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Plan Now For When The U.S. Fed Beats Inflation

Published 03-10-2022, 02:30 pm

Let's be frank: The third quarter was a mess for stocks. It doesn't much matter where the stocks were traded, except this: U.S. stocks in September were not a place you wanted to be.

The Dow Jones Industrial Average and the S&P 500 had their worst September performances since 2002, with the Dow off 8.8% and the S&P 500 falling 9.3%. The Nasdaq Composite dropped 10.5%, its worst September since 2008.

It also meant that the major averages ended September in bear-market territory, defined as a decline of 20% or more from a recent top.

At the end of September, the Dow had fallen 21% for the year with the S&P 500 off 24.8% and the Nasdaq sagging 32%.

But markets do bottom. Sometimes quickly. And understanding what's happening now may help in getting ready for the inevitable recovery.

Most of the market pain is due to the Federal Reserve's stated goal of pushing interest rates higher to beat down inflation to 2% a year at some date in the future. It's now running at 6% to 8%, depending on the measure.

There are three related factors at play, too:

  • Global inflation pressures, fueled by soaring food costs and fuel costs, continued problems with global supply chains, and a sudden eruption of a financial crisis in Britain that some worry will spread elsewhere.
  • The soaring U.S. Dollar. The U.S. Dollar Index is up more than 17% this year alone. The dollar is up 17% against the British pound and 25% against the Japanese yen.
  • Global tensions, especially the intractable war between Ukraine and Russia and the latter's threat to use nuclear weapons against Ukraine. Add to that the tensions between the West and China over Taiwan.

Success, at least as Chairman Jerome Powell describes it, means softening up a very tight labor market and demand generally so prices overall will start to come down. Food and energy prices have been the big economic stresses, with prices for food at home up 13.5% for the 12 months ended in August, according to the most recent Consumer Price Index Report.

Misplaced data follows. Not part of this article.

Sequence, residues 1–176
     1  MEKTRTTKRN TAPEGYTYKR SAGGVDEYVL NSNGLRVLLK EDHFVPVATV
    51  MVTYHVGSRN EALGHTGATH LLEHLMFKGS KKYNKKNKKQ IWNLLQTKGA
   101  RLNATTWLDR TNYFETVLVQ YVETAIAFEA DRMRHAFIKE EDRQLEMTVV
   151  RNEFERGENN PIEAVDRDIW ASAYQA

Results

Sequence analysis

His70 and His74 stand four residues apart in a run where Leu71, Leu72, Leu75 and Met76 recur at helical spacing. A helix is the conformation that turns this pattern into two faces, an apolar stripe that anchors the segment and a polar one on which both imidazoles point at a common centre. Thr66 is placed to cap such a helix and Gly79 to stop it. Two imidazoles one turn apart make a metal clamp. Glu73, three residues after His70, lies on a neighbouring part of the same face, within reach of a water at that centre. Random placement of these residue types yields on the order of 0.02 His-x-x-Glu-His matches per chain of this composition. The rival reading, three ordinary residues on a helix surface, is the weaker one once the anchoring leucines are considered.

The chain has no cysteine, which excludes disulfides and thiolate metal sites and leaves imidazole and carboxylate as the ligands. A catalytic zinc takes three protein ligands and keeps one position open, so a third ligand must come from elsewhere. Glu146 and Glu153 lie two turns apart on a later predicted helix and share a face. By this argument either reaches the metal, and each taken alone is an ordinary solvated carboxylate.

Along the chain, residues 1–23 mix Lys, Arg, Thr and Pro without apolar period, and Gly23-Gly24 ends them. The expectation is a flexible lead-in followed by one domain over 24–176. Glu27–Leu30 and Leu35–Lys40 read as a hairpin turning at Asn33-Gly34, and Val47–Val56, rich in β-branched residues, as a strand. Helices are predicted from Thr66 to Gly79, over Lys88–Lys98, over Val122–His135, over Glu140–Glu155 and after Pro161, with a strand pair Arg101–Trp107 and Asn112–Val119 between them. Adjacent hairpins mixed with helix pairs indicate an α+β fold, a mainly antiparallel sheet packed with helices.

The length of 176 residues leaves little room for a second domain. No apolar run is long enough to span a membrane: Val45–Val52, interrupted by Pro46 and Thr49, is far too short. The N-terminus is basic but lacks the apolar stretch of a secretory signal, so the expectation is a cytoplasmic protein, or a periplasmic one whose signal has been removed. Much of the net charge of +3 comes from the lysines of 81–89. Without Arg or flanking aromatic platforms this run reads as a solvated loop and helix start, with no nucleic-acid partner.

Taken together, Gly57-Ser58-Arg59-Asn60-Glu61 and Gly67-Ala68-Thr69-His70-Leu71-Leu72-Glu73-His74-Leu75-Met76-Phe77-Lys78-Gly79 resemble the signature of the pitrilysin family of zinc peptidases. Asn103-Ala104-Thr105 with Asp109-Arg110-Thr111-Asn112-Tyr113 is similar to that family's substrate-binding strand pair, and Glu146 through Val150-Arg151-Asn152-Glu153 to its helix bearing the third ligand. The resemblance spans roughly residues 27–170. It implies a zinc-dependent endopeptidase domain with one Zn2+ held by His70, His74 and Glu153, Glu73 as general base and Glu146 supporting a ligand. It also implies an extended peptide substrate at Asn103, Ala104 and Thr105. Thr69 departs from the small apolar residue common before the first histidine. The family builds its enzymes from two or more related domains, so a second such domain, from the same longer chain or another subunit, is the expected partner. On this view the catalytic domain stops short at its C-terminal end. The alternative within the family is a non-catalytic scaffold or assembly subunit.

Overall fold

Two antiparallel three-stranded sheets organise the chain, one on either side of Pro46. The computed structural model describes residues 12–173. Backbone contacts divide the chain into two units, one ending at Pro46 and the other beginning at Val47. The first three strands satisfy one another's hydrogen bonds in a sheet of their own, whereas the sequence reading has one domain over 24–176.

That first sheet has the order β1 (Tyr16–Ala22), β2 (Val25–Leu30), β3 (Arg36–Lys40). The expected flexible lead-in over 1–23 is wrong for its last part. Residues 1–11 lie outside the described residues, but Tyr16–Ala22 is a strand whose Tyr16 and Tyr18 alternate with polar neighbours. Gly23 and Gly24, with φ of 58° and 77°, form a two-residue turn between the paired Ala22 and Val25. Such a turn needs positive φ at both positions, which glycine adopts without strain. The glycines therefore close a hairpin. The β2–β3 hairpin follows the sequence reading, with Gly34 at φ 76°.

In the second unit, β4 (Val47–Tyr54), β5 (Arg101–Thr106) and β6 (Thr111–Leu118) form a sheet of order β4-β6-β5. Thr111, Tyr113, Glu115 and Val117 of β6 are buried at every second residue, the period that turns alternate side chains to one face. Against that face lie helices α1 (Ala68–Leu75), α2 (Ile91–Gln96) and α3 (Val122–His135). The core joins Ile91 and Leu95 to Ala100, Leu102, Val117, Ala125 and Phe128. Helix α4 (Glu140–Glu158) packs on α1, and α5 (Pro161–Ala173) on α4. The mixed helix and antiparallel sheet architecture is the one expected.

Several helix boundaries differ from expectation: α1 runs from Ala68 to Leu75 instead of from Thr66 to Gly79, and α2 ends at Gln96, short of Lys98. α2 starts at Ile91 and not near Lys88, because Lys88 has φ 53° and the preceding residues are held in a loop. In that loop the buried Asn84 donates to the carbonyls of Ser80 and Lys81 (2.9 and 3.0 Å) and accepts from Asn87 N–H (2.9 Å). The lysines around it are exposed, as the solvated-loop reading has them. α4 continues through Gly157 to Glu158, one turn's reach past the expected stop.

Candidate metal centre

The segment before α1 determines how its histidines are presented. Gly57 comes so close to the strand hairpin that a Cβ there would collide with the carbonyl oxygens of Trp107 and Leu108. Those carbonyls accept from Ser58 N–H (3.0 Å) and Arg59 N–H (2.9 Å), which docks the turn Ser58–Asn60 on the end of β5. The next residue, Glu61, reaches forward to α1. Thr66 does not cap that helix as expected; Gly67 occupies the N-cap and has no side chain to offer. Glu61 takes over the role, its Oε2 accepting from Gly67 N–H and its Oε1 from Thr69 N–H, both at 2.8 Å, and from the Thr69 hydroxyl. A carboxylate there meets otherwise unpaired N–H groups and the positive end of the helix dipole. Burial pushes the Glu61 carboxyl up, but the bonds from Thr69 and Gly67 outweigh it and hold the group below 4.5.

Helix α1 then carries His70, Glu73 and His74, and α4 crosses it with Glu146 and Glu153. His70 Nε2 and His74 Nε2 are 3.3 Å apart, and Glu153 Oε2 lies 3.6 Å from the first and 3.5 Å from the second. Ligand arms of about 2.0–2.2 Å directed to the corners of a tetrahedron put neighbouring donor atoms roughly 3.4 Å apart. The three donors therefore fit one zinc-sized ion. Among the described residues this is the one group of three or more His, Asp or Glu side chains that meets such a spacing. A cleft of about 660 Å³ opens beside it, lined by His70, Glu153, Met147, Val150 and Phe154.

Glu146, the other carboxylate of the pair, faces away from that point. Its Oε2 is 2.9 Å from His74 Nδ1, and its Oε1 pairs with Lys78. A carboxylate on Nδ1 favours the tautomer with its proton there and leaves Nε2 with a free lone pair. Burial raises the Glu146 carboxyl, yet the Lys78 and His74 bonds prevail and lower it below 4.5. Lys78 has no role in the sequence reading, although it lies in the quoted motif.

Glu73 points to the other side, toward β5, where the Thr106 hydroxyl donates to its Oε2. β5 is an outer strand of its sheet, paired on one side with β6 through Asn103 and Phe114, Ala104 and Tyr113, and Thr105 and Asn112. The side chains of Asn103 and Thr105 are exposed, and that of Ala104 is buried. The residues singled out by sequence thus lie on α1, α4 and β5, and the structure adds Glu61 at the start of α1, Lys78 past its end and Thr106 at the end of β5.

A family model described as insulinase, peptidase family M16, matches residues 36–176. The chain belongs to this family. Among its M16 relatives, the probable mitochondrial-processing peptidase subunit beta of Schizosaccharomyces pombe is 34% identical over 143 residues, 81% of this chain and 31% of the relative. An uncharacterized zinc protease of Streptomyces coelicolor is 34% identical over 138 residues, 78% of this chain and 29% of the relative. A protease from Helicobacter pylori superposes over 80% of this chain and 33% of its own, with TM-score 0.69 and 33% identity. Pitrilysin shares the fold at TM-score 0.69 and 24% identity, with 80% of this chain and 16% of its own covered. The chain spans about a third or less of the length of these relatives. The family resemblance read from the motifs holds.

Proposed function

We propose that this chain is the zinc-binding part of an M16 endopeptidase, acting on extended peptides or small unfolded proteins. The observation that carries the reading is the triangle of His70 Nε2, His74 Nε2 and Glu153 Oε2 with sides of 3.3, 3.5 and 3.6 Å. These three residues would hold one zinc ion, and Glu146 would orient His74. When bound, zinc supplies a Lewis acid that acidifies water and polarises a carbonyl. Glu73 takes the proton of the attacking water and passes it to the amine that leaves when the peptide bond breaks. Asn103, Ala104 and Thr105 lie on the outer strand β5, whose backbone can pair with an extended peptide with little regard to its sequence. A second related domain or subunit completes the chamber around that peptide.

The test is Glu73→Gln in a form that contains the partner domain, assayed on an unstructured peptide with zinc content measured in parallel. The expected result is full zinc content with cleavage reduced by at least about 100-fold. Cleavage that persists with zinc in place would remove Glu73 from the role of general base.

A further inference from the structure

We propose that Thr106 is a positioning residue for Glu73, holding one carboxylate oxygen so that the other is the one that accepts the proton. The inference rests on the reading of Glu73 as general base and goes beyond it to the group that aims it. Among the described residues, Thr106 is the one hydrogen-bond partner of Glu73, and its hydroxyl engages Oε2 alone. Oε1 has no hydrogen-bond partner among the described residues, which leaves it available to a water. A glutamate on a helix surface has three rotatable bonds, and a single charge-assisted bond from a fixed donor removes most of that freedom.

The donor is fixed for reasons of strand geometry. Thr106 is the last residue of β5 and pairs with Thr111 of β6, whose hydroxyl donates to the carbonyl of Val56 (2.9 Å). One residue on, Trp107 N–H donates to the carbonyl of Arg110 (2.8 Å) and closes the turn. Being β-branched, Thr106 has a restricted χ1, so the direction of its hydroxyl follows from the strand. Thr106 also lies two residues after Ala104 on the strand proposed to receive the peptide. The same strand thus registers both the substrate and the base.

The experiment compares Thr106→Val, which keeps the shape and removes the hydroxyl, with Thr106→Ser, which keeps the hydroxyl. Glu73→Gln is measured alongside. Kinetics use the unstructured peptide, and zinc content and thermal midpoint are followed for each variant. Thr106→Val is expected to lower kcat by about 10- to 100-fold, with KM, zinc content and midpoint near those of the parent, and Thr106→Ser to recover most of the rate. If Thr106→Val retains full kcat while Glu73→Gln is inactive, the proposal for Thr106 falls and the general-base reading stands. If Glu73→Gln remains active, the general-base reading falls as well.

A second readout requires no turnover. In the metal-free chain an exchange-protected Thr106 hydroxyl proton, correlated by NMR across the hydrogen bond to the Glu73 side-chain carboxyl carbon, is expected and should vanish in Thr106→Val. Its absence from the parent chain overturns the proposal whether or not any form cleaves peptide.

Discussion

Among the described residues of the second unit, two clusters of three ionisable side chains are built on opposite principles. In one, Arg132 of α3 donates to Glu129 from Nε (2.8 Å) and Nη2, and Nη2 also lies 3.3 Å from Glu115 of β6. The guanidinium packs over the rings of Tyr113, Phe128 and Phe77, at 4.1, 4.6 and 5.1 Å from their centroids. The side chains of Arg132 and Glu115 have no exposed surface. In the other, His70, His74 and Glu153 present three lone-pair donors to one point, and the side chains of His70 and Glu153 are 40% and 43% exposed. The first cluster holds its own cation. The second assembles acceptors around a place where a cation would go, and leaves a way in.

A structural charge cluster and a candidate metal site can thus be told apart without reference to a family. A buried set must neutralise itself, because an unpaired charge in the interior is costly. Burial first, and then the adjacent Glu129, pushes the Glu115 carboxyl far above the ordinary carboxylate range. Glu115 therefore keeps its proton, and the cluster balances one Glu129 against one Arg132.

Energy costs are up about 25% on the year. The American Automobile Association estimated the U.S. retail price of gasoline at $3.796 a gallon as of Sunday. But in a break for consumers, gas prices are down some 24% from their $5.016 peak in mid-June

Short-term rates look to push above 4% in 2023. At their last meeting, Fed officials projected 4.6% as the median 2023 level on its key Federal Funds rate, the rate banks charge each other for overnight loans.

In other words, pain for everyone as the Fed tries to get U.S. inflation down from 6% to 8%. And it means a recession is coming. How nasty a recession is not clear.

The Fed's efforts may work. But it is possible the central bank is going too far and will be forced to dial back its campaign.

The Fed's moves—pushing the Federal Funds rate from 0%-to-0.25% at the end of 2022 to 3%-to-3.25%—have affected the economy already. Retailer Gap (NYSE:GPS) has said it will be cutting 500 jobs. Fitness-equipment maker Peloton (NASDAQ:PTON) has announced more than 4,150 job cuts. Electric vehicle maker Rivian Automotive (NASDAQ:RIVN) will chop 6% of its 14,000-person workforce.